A little more on Ausrottung

My recent discussion of Ausrottung has provoked a series of hasty and unthinking replies from the bloggers of holocaust controversies, none of which do much to touch the arguments made. The bloggers seem to be employing a style of “throw shit at the wall and see what sticks” – that is, they quickly post any objection which occurs to them without any attempt to think things through, just so as to be able to say that they had responded. Harrison had already set this pattern of replies with his total inability to comprehend my arguments regarding the November 15 steam chamber report. While this strategy may succeed in creating a diversion, it ultimately only causes the bloggers to humiliate themselves further with their ill-thought replies. In this post I will reply to several of their arguments, and will also introduce some additional examples in which ausrotten is used with a rather broad meaning.

The meaning of Genesis 17.14 and other occurrences of ausrotten in the Luther bible

Roberto Muehlenkamp contests my reading of Genesis 17.14, which is rendered with ausrotten in the Luther bible. I had stated that

In the Luther Bible translation of Genesis 17.14, it is commanded that the uncircumcised be ausgerottet, with the meaning that they be removed from the people, or exiled.

He appeals to a dictionary which lists this passage as meaning killing. Yet appeals to dictionaries are no way to settle the meaning of a passage. The question is, what does the verse actually mean? In English translations of Genesis 17.14, what the Luther bible renders as “ausgerottet aus seinem Volk” is generally rendered as “cut of from his people”. For example, in the ESV the verse is rendered

Any uncircumcised male who is not circumcised in the flesh of his foreskin shall be cut off from his people; he has broken my covenant.

What does “cut off” mean? Does it mean killing? No, at least not directly. First of all, it makes little sense to say that someone will be “killed from his people”. The element of “from” the people conflicts with the meaning of killing. Second, we can examine other passages regarding being “cut off” from the people – which are also translated with ausrotten. Take Leviticus 20 in English and German. Here, the punishment of being put to death is contrasted with the punishment of being cut off [ausgerottet] from your people. Adultery with another man’s wife gets you (and her) put to death, while sex with a menstruating woman and “uncovering her nakedness” only gets you (and her) cut off from your people. Giving your children to Molech gets you death, but if the people should fail to kill you God will cut you off from the people. Being cut off from the people is a different punishment from death. In its most literal and natural interpretation, it means being deprived of membership in the people, and of all the attendant benefits. As I said, this is removal from the people. My use of the word “exile” is perhaps a slight over-interpretation, as it gives particular emphasis to the territorial aspect of having your status as a member of a people removed, but this is a subtle distinction. The point is that being cut off from the people does not, in itself, mean being killed.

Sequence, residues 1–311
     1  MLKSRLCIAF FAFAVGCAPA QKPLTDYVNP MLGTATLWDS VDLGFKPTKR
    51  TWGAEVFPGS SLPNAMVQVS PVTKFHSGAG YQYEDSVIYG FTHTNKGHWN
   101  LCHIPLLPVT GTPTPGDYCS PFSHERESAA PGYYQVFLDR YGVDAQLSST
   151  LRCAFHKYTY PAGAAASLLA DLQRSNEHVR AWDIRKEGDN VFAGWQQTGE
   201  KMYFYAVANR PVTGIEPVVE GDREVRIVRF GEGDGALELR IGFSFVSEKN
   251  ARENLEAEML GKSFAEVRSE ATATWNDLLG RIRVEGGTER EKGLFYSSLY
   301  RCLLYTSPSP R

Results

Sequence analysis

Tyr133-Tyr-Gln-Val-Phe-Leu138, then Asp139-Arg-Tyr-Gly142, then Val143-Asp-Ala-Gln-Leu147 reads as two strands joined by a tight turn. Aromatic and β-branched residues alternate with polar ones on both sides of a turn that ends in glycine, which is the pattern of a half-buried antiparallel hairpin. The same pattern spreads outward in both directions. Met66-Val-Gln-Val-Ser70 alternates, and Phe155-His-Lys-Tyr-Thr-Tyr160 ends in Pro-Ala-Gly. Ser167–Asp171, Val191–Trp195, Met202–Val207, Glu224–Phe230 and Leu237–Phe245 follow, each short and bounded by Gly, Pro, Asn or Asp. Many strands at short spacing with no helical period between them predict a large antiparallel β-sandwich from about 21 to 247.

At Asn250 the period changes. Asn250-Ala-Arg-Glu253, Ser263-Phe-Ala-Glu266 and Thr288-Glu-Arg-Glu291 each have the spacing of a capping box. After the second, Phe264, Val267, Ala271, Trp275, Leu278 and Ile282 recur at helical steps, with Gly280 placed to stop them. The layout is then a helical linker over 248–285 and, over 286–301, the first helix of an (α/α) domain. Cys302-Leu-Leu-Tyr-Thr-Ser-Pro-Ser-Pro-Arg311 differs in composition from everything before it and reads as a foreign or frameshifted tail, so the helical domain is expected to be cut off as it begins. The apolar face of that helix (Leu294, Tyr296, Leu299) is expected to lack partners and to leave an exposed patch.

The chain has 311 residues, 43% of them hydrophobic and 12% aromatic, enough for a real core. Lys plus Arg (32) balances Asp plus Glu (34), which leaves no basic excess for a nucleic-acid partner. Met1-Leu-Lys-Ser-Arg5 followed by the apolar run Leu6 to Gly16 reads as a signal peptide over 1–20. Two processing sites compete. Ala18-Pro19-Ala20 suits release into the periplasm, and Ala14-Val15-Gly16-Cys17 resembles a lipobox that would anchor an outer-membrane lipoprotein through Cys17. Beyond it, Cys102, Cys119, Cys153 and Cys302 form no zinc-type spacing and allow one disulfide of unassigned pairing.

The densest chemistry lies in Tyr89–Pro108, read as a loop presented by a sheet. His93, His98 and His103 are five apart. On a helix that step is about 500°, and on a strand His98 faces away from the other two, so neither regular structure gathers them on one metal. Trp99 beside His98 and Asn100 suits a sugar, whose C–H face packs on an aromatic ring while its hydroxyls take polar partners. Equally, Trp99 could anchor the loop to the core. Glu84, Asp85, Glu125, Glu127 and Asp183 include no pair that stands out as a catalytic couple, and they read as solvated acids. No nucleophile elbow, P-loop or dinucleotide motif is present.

There are further such passages in, for instance, Leviticus 7 and 19. For the sake of completeness, I should mention that these mention being ausgerottet von your people rather than aus. Also, one of the passages in Leviticus 20 had vor: Die sollen ausgerottet werden vor den Leuten ihres Volks.